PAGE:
Study Design: Resident’s case problem.
Background: A 21-year-old healthy athletic male military cadet with complaint of worsening diffuse left knee pain was evaluated 4 days after onset. The knee pain began 2 hours after completing a long car trip, worsened over the subsequent 3 days, and became almost unbearable during the return trip. The patient reported constant pain, limited knee motion, and difficulty ambulating. In addition, he was unable to perform physical military training or attend academic classes due to the severe left knee pain. Past medical history revealed a mild left lateral calf strain 21⁄2 weeks prior, which completely resolved within 24 hours of onset.
Diagnosis: Our physical examination led us to either monoarticular arthritis, pseudothrombophlebitis (ruptured Baker’s cyst), or a lower leg deep vein thrombosis (DVT) as the cause of knee pain. Diagnostic imaging of this patient revealed a left superficial femoral vein thrombosis and popliteal DVT, with bilateral pulmonary emboli (PE).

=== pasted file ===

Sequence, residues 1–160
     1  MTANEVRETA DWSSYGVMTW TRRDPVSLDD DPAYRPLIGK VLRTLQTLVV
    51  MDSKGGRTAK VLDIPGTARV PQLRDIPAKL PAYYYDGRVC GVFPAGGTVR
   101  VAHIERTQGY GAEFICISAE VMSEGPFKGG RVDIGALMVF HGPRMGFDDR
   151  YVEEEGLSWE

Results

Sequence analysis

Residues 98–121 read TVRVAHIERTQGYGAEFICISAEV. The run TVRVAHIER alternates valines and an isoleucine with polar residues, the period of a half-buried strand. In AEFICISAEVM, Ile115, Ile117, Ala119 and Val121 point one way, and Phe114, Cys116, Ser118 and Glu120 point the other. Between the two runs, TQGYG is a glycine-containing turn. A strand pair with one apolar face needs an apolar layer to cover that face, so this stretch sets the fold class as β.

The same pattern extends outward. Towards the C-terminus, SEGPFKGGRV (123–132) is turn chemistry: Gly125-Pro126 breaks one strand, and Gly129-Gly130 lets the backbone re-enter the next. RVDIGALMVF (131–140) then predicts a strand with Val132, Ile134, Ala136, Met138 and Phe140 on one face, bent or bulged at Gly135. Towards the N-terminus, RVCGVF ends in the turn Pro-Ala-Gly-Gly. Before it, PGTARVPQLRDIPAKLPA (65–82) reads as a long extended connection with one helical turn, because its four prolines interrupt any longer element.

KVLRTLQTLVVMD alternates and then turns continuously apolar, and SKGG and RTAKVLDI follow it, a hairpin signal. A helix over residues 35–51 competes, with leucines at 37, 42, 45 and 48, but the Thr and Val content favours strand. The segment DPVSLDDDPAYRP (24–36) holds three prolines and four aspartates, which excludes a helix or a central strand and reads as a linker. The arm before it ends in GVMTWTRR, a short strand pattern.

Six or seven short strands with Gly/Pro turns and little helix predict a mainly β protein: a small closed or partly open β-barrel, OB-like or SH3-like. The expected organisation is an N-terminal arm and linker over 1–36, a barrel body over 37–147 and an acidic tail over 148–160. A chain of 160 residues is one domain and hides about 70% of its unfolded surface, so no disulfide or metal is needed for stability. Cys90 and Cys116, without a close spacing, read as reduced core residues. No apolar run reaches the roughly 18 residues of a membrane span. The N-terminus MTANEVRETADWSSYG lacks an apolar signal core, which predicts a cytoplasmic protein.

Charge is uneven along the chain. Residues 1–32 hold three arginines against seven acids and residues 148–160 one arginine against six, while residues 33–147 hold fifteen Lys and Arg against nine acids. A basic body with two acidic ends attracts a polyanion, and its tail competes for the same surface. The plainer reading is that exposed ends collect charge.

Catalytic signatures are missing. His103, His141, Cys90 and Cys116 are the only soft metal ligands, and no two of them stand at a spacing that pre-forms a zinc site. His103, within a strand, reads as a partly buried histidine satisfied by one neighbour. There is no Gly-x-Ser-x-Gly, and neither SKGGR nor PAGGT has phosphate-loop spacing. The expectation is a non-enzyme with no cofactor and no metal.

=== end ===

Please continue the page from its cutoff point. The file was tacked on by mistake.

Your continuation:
Discussion: A systematic differential diagnosis was undertaken to rule out a potentially fatal DVT diagnosis as the cause of knee pain, despite minimal DVT risk factors. The physical therapist in a direct-access setting must ensure timely evaluation and referral of a suspected DVT, even when patient demographics cause the practitioner to question the likelihood of this diagnosis. The physical examination findings, clinical suspicion, and established clinical prediction rules can accurately dictate the appropriate referral action necessary.
J Orthop Sports Phys Ther. 2006;36(9):686-697. doi:10.2519/jospt.2006.2251
Key Words: blood, pulmonary embolism, screening